Whether your advisors are inbound or outbound, you can boost morale with contact centre games that they can play while working.
So, here we share seven fun activities for your contact centre, after highlighting the key elements that make up a great game.
What Makes a Great Contact Centre Game?
Morris Pentel, CEO at e-score.today, believes that there are four key elements of a good contact centre game:
- Building a fun habit that lifts staff
- Making it a journey that you can progress on
- Making it about improving the common understanding
- Making it OK to lose
As Morris says: “Games and habits are the basic tools of how we change culture in contact centres and improve outcome.”
With the aim being to improve culture, after you have tried a couple of the following ideas, ask advisors to suggest game ideas to you. This will better engage the team, who may be more enthusiastic to play games of their own design.
The Seven Call Centre Games
Each of these games has proven popular in the contact centres of our readers, who discuss their suggestions below.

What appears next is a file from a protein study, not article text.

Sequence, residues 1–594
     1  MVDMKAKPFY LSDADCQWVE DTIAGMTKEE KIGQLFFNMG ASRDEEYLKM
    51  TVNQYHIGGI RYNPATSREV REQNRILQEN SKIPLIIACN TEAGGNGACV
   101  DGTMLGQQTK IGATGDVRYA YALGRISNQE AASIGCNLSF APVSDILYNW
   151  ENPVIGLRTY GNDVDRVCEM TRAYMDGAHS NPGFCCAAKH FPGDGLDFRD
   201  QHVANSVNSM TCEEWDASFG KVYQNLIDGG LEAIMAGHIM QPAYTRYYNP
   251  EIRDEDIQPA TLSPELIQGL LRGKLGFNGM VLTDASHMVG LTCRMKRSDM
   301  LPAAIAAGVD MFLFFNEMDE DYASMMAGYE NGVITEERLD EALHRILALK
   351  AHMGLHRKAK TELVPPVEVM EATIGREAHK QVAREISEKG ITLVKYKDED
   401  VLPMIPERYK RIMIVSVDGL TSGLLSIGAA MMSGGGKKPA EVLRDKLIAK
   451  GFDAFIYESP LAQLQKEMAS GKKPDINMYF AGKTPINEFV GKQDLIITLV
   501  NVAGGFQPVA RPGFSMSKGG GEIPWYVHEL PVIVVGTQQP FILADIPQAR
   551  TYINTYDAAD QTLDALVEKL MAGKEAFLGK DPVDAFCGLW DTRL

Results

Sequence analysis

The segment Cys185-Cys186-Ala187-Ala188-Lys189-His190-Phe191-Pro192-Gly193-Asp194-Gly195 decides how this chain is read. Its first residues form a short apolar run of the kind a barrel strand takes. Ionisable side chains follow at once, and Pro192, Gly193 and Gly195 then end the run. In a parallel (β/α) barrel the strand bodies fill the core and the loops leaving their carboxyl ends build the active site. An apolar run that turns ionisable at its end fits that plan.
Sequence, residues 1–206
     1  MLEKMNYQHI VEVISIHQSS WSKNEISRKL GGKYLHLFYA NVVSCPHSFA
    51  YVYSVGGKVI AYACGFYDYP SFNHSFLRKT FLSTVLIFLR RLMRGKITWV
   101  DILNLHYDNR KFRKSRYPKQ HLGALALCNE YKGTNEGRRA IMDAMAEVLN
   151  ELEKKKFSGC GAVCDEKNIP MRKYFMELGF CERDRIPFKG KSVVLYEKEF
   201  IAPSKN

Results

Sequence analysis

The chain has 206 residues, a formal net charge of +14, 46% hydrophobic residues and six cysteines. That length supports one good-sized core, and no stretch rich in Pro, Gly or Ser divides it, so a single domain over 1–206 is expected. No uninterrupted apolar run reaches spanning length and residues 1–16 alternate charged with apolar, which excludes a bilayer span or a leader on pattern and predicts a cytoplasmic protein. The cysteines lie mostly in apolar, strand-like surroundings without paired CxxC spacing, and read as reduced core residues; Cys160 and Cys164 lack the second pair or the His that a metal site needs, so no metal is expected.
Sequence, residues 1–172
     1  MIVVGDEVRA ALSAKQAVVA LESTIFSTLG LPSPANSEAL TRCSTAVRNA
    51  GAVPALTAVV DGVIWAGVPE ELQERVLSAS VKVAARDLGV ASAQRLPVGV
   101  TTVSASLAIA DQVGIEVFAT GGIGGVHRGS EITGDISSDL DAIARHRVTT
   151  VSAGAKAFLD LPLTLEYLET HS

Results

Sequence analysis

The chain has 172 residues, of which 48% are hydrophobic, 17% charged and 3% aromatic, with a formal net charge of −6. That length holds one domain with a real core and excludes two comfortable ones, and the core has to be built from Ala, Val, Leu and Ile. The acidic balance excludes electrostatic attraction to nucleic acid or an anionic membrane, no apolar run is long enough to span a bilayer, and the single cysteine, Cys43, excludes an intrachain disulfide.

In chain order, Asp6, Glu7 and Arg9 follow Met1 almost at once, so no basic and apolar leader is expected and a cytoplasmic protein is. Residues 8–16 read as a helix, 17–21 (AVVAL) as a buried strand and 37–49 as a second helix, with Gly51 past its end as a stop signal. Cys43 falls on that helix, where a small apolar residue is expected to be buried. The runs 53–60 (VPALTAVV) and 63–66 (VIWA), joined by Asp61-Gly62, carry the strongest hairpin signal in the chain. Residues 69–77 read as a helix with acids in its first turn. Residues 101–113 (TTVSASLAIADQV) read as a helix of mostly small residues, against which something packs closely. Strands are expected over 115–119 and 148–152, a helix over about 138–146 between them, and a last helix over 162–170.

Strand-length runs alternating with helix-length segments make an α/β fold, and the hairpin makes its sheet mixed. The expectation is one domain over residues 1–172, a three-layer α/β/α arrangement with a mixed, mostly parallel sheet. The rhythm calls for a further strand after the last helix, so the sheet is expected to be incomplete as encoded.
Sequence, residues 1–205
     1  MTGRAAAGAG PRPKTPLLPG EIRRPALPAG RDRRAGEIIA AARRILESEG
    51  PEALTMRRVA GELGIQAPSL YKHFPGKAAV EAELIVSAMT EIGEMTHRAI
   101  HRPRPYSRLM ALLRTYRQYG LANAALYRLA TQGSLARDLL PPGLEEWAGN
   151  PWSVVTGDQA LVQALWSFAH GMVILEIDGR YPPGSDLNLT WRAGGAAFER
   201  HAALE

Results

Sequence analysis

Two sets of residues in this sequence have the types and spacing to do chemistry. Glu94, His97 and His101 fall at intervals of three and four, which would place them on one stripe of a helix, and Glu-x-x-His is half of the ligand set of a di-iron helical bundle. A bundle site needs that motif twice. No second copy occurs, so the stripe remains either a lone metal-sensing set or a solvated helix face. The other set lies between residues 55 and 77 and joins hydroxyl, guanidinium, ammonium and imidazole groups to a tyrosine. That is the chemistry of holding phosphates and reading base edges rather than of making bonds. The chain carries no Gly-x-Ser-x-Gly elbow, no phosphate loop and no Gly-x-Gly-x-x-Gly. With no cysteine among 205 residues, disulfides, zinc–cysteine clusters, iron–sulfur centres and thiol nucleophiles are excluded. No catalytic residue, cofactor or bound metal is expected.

1. The “Bookings Ball” Game
The bookings ball game is a spin-off version of the classic pass-the-parcel party game and works particularly well in environments where advisors have to make bookings.
Explaining the game, Karen says: “The ball, which could be anything from a tennis ball to an inflatable beach ball, is passed from advisor to advisor as and when a booking is secured (so the last person to have made a sale is always the person holding the ball).”
“While this is going on, set an egg timer in your desk drawer (in secret). When it goes off, the person holding the ball wins a prize.”
“Reset the timer after each prize is given for the game to continue throughout the day.”